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Chamber of Commerce plan looks to drop high Indiana smoking rates



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Then-freshman James Freeborn smokes a cigarette near the smokers' table outside of Wright Quadrangle in 2014. The Indiana Chamber of Commerce wants to raise Indiana’s smoking age from 18 to 21 in 2018. IDS File Photo Buy Photos

The Indiana Chamber of Commerce wants to raise Indiana’s smoking age from 18 to 21 as part of a four-part proposal in its 2018 legislative agenda.

The other three arms of the proposal include increasing the tobacco tax on cigarettes by $1.50 to be $2.50 a pack, increasing funding for cessation programs to quit smoking and repealing the Smoker’s Bill of Rights.

The Smoker's Bill of Rights is a 1991 law that keeps employers from screening for smokers before hiring.

Julie Halbig, Indiana Hospital Association vice president of legislative relations, said the plan is in response to state smoking rates that fall far above the national average.

The smoking rate for Indiana was 21.1 percent in 2015, putting Indiana six percentage points above the national average for the year, according to the Center for Disease Control and Prevention. The numbers put Indiana at 10th place in terms of states with the highest smoking rates.

“Unfortunately, we’re just a generally unhealthy state,” Halbig said. “We could be doing a lot better.”

The Indiana Hospital Association is a founding member of the Alliance for a Healthier Indiana, an organization centered on bringing up Indiana’s health rankings.

The alliance’s 2025 vision includes bringing state smoking rates down to 15 percent.

Halbig said one step toward that goal would involve following in the footsteps of five states — Hawaii, California, New Jersey, Maine and Oregon — that have already increased their smoking ages to 21.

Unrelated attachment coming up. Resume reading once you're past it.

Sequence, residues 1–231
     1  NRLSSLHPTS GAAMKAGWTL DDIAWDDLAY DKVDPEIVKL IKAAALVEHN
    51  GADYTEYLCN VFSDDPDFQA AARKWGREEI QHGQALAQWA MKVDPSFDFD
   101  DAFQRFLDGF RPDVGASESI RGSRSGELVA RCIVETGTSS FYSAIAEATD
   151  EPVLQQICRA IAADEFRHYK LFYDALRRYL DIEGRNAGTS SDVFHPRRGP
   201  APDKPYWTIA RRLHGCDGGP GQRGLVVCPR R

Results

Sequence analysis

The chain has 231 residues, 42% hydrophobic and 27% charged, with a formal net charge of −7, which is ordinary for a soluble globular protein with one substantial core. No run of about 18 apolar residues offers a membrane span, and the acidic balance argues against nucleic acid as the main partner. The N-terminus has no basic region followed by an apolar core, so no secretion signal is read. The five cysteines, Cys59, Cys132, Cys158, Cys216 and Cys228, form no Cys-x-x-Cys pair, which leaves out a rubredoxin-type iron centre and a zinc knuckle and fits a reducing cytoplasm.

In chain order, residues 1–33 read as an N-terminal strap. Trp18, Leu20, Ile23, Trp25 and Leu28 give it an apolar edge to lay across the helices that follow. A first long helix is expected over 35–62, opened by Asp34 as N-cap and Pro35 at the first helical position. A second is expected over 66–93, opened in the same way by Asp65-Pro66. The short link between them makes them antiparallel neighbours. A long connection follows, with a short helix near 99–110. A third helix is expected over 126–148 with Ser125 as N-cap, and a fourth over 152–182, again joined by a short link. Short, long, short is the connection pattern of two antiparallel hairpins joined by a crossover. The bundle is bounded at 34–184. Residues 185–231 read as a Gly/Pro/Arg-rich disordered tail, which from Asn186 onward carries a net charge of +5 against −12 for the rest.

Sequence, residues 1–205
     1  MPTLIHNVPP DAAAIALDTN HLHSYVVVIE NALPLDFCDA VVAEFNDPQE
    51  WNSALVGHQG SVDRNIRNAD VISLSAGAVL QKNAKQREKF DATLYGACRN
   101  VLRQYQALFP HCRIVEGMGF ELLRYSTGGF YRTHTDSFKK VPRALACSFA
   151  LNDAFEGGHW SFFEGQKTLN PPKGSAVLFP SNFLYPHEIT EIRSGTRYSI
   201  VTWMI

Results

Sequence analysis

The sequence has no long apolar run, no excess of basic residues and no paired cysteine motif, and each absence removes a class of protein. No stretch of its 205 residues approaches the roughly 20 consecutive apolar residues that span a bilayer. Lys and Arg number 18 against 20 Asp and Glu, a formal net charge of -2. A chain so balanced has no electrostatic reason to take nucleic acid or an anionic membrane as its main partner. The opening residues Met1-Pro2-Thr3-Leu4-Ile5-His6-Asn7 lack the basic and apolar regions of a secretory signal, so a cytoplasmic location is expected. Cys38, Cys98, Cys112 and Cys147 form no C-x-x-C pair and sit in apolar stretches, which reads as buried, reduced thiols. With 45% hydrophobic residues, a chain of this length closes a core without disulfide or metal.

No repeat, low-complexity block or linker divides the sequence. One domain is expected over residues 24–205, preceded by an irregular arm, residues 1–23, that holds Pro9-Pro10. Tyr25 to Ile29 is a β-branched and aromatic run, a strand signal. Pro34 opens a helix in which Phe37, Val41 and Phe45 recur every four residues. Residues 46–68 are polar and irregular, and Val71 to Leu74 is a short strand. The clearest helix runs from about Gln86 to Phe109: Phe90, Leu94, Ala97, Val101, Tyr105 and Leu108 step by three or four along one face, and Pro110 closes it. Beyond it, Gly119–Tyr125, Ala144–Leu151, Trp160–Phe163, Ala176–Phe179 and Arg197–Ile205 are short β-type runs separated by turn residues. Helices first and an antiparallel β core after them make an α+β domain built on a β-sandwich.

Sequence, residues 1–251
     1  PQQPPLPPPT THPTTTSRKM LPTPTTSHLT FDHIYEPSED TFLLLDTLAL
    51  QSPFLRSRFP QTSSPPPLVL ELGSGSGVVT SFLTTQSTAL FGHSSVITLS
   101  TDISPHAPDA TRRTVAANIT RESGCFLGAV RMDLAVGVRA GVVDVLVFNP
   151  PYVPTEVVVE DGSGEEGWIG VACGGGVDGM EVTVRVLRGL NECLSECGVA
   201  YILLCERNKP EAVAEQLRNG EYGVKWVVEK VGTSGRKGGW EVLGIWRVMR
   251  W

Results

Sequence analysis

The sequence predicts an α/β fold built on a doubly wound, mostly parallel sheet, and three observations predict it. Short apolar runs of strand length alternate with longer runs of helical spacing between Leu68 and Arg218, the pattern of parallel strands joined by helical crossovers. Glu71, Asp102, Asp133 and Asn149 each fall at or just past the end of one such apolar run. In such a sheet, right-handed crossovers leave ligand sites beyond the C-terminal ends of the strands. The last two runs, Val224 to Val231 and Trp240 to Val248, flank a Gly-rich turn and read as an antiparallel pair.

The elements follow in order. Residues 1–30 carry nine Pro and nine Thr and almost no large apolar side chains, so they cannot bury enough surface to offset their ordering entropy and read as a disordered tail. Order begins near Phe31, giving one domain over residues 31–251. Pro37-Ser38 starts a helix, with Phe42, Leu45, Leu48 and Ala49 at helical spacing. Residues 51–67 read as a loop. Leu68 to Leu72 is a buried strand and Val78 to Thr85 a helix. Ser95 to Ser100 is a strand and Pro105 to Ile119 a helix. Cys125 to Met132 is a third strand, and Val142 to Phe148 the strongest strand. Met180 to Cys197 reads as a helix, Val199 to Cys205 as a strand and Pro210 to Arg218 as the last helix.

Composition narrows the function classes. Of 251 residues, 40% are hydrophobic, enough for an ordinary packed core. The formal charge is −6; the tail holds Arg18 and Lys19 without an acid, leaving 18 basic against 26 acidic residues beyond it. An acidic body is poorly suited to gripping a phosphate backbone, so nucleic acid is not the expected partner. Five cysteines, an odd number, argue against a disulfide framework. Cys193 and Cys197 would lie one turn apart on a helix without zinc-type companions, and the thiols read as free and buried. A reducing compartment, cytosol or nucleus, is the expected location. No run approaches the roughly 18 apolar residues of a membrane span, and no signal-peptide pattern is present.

Michael Ripley, Chamber of Commerce vice president of health care policy and employment law, said people under 21 who already smoke would also not be able to buy tobacco products in Indiana. They would have to quit or shop elsewhere.

Many states and counties that have adopted increased smoking ages have included grandfather clauses so those under 21 who smoked before the law passed could continue to buy tobacco products in-state.

A 2015 study by the Truth Initiative, an anti-smoking public health organization, suggests 11.2 percent of Indiana high school students smoke, 

Ripley these students get tobacco products from their 18-year-old classmates.

If the smoking age is changed to 21, the people smoking will be out of high school and unable to give teenagers cigarettes.

“Just increasing the age of legal consumption a bit can do a lot to reduce illegal consumption as well,” Ripley said.

Halbig said the smoking-age increase would be effective because 95 percent of smokers start before age 21, according to the U.S. Department of Health and Human Services.